Nostalgia City Mysteries

By Mark S. Bacon

Category Archives: Cornell Woolrich

Avoid the shadows when night falls

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Nightfall
David Goodis
170 pages
Black Curtain Press  1947
$8.49 paperback    Kindle $  .99

James Vanning is lonely, depressed, afraid and plagued by insomnia.  In other words he’s a classic protagonist in a noir novel.

The commercial artist and World War II vet is on the run from the police and a gang of bank robbers.  He’s holed up in a small New York City apartment selling his work to ad agencies to get by and feeling sorry for himself.  As an average guy entangled in a seemingly unexplainable criminal morass, he could be a character in a Cornell Woolrich novel.  Instead he’s the creation of another respected noir author, David Goodis, noted for his mystery, Dark Passage, that became a Bogart and Bacall movie.

In Nightfall, published in 1947, Goodis imperils Vanning without letting the reader know too many details.  Except for one thing: he’s killed someone, or is convinced he did. And, he’s scared.

 “He wanted to go out.  He was afraid to go out.  And he realized that.  The realization brought on more fright.”

A few sentences later a Woolrich-style premonition: “…something was going to happen tonight.”

Vanning knows that the story of the killing, as he remembers it, is so preposterous no cop or DA would believe him. We learn bits and pieces: A Seattle bank was robbed of $300,000.  One of the gang responsible for the robbery was murdered. The money disappeared.

The story unfolds through chapters of alternating points of view, that of Vanning and of Fraser, the NYC police detective following him.  Married with three children, Fraser (we never learn his first name) has been shadowing Vanning for months and thinks he knows nearly all aspects of the artist’s solitary life.  But he worries the case may be his undoing.  His superiors are calling for an arrest and return of the money.  And Fraser has doubts.

Despite overwhelming evidence against Vanning, Fraser thinks he might be innocent.  “With what they have on him already,” Fraser tells his wife, “they can put him on trial and it’s a hundred to one he’d get a death sentence.

“They’ve got witnesses, they’ve got fingerprints,” Fraser says, “they’ve got a ton of logical deduction that puts him dead center.  And what I’ve got is a mental block.”

Vanning’s faring no better.  His memory is full of holes.  He knows Continue Reading →

Whodunit: murder mysteries 101

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Who has sold the most mystery books? Where did the line, “the butler did it” come from? And who wrote the first detective novel?

Begun more than 170 years ago, the detective story is a staple of American literature and equally popular overseas. American writers are joined on best seller lists by mystery authors from the UK, France, Denmark, Norway, Sweden, Italy and other countries. In essence, killing people on paper is popular the world over.

This begins an occasional series on the history, subject matter, authors, techniques and trivia of this genre.

Fedora,-gun-etc.-Sepia--Es-The modern detective story was born in 1841 with the publication of The Murders in the Rue Morgue in Graham’s Magazine in Philadelphia.

First in an occasional series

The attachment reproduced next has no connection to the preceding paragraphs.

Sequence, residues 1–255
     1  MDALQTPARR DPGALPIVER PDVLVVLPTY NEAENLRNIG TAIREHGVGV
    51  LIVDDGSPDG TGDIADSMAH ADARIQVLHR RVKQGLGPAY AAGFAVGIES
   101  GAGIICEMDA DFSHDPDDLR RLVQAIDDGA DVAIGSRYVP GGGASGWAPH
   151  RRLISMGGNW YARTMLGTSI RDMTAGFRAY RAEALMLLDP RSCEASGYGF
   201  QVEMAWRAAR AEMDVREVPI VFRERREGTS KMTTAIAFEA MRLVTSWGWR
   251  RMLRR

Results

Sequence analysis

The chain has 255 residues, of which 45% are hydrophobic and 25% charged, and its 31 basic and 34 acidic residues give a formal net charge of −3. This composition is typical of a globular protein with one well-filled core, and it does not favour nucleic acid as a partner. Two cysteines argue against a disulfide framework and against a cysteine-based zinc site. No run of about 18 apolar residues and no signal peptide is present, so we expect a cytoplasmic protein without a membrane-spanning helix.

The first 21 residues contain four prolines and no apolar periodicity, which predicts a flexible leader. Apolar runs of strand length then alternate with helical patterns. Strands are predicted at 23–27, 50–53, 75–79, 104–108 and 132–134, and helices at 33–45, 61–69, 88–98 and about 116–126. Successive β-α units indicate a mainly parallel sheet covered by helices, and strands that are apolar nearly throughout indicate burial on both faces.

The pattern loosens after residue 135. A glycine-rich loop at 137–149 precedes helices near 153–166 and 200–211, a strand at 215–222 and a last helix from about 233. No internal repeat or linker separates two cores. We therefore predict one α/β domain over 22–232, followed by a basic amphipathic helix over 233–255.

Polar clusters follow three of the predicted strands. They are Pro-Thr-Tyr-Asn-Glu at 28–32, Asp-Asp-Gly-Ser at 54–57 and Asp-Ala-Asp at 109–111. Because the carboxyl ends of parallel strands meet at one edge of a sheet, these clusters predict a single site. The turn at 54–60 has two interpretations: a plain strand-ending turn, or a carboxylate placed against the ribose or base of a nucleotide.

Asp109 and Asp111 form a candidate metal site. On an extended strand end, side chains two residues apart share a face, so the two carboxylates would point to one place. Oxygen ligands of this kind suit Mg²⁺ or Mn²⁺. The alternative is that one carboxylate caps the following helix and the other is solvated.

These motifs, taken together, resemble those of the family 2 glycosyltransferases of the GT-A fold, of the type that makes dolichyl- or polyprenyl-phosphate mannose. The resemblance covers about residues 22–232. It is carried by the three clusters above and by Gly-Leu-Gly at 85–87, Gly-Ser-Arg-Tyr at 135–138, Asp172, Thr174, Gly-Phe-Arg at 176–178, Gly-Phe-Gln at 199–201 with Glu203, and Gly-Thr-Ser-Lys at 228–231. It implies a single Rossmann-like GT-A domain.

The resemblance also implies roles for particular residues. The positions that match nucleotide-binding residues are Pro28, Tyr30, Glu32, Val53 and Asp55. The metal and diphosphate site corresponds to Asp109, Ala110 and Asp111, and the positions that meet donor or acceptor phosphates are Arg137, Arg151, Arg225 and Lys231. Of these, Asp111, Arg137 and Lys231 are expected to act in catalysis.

Edgar Allen Poe’s story describes the analytical power used by detective Monsieur C. Auguste Dupin to solve a series of bizarre murders in Paris. Like the later Sherlock Holmes stories, the tale is narrated by the detective’s roommate. I don’t want to spoil it for you, but a monkey did it. Yes, it is a bizarre twist to have a murderous monkey, but consider who wrote the story.

Following the publication of Poe’s tale, detective short stories and novels gradually became popular. English novelist Wilkie Collins published The Moonstone in 1868, a detective novel that includes several features of the typical modern mystery, including red herrings, false alibis and climactic scenes. Continue Reading →

Only the orange hat can save his life

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Phantom Lady
Cornell Woolrich writing as William Irish
Introduction by Barry N. Malzberg
Centipede Press 2012
288 pages
Trade paper $18
Originally published in 1942

Hear the clock ticking? It’s counting down the minutes and seconds that Scott Henderson has to live. He’s accused of murdering his wife who, he admits to police, had refused to give him a divorce. But he didn’t kill her.

At least we don’t think he did, although his alibi is almost impossible to believe. He says he spent the evening with a lady he picked up in a bar. They attended a musical revue together, then parted after the show without ever exchanging names or personal information.Phantom-Lady-novel-cover

Fans of Cornell Woolrich will appreciate this new edition of Phantom Lady. It contains a unique, if rambling, reminiscence about the author by someone who was his agent a year before he died. It also includes color pictures of posters from the 1944 movie based on the novel and shots of various cover treatments of the book since its original release. This beautiful edition, on heavy stock, makes a great addition to your mystery library.

If you’ve just discovered Woolrich and are working your way through his substantial body of suspense work, Phantom Lady is not a bad place to start. Although it’s not my favorite Woolrich tale, it’s an edge-of-your-seat nail-biter until the end. But that was Woolrich’s MO for more than two dozen books. Continue Reading →

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